Zhang Xiaoqiang, vice minister of the National Development and Reform Commission (NDRC), said on Thursday that Jan. 1 would be "a good time" to introduce a fuel tax and reforms in state-controlled oil pricing.
Zhang made the comments while participating in the fifth China-U.S. Strategic Economic Dialogue in Beijing.
The State Council, or the Cabinet, discussed the reform plans for oil pricing and fuel taxes and fees last week, and it decided to release the draft reform plan for public comment.
Zhang said the government had reiterated its intention to extend its reforms relating to resources, including energy, to reflect "scarcity of resources, market supply and demand and environmental costs."
The prices of domestic oil products "still show a big gap in respect to this principle, so the government has decided to speed up the reforms."
The introduction of a fuel tax was first proposed in 1994 but has been delayed amid concerns that it would impose too great a burden on those who consume more oil. The government now collects road maintenance fees from automobile users regardless of how much gasoline or diesel oil they use.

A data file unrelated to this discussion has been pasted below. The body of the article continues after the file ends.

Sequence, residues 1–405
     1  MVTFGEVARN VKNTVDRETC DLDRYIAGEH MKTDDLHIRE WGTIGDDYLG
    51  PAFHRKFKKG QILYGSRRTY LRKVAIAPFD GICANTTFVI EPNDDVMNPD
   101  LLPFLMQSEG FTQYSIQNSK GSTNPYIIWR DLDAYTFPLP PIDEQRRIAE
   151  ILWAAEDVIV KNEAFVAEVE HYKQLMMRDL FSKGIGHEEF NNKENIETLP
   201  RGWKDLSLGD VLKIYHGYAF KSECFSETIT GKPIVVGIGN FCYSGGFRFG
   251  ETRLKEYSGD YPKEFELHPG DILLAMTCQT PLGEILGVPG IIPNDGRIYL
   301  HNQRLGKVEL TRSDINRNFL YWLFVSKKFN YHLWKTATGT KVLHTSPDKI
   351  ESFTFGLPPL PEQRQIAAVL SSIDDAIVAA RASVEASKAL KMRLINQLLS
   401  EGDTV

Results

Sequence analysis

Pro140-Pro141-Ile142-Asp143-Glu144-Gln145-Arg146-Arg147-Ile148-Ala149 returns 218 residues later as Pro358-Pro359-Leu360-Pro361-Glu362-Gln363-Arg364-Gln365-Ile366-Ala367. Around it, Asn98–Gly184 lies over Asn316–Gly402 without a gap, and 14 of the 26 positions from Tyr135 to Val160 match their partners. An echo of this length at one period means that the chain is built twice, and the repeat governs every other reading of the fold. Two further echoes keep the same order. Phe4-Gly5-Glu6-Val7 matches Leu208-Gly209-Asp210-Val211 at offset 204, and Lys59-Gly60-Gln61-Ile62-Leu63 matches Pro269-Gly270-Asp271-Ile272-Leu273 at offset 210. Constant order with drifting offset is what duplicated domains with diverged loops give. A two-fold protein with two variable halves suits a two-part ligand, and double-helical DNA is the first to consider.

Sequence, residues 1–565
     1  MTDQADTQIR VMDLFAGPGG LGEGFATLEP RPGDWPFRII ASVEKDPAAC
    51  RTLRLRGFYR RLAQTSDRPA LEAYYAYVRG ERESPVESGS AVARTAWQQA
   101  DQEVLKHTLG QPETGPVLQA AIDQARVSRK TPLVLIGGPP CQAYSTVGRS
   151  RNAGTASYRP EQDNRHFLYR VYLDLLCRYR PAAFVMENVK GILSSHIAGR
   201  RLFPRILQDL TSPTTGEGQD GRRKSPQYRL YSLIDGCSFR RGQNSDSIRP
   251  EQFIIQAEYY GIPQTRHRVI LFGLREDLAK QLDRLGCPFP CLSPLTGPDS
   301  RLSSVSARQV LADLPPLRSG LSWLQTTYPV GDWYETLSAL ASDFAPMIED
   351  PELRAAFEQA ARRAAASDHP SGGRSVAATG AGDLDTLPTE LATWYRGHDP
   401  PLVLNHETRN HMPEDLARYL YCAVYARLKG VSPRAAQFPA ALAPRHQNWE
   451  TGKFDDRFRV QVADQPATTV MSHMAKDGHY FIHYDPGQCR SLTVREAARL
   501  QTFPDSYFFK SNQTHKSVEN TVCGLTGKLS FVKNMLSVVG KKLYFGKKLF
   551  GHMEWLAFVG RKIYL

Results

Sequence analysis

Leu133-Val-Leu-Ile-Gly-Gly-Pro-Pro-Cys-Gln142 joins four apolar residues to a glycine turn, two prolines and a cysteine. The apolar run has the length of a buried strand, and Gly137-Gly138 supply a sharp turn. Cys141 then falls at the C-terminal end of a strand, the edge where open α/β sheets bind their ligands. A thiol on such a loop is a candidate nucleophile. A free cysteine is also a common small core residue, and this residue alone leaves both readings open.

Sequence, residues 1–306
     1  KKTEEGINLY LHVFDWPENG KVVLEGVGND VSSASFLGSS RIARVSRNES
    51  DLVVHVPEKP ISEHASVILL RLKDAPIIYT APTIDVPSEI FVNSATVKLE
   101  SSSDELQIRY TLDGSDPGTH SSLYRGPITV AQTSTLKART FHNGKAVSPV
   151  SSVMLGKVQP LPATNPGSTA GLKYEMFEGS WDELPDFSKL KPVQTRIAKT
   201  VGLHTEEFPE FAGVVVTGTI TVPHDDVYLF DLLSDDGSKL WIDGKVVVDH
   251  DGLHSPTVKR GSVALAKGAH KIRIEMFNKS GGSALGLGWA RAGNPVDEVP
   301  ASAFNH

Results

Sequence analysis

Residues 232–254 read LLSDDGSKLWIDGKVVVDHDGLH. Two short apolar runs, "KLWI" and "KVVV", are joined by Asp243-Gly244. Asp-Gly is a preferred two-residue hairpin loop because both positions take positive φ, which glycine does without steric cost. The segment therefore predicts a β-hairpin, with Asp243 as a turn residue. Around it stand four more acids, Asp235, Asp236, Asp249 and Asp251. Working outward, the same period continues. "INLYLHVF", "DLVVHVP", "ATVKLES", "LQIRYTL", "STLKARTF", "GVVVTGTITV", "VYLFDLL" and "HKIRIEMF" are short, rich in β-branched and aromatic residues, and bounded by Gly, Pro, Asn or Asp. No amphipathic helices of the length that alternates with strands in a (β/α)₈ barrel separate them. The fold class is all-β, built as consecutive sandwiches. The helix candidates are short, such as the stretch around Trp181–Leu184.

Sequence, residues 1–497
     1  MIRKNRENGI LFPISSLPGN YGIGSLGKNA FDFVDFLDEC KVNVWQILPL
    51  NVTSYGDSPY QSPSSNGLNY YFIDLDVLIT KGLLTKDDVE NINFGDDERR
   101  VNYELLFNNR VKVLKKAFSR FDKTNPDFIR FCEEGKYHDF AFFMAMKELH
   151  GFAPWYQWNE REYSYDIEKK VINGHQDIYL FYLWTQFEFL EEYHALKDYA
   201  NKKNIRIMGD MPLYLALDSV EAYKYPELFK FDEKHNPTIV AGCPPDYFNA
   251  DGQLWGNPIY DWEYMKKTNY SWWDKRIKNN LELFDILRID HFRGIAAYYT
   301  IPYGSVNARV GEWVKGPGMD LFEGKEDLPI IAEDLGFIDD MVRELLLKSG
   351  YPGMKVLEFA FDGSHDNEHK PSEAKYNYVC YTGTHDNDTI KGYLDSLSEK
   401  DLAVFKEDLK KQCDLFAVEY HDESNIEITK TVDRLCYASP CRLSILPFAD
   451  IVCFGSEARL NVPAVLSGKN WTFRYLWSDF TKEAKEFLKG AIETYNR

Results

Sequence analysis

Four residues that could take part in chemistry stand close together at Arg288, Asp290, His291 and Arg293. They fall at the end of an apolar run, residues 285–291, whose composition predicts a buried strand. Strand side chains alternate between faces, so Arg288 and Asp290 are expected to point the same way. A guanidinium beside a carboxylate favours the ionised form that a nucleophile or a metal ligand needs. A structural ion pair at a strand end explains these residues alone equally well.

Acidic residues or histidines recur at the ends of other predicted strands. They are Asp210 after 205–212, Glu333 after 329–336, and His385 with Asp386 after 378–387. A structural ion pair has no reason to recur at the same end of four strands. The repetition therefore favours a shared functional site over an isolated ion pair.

According to the NDRC, the top economic planner, the government has been studying a fuel tax to replace road tolls.
China's move to impose a fuel tax comes as world crude oil prices have plunged almost 70 percent from a peak of 147 U.S. dollars per barrel in mid-July. Analysts have said the decline presents a window of opportunity for China to carry out fuel tax reform.
During the first half, oil refiners experienced losses as world crude prices soared, because the government kept domestic fuel prices below cost to avoid inflation. The government raised fuel prices in November 2007 and again in June 2008, but these rises lagged behind those of global prices.
Experts and officials, including top statistician Yao Jingyuan, have said the price falls gave China more leverage to loosen price controls on resources.
(Xinhua News Agency December 4, 2008)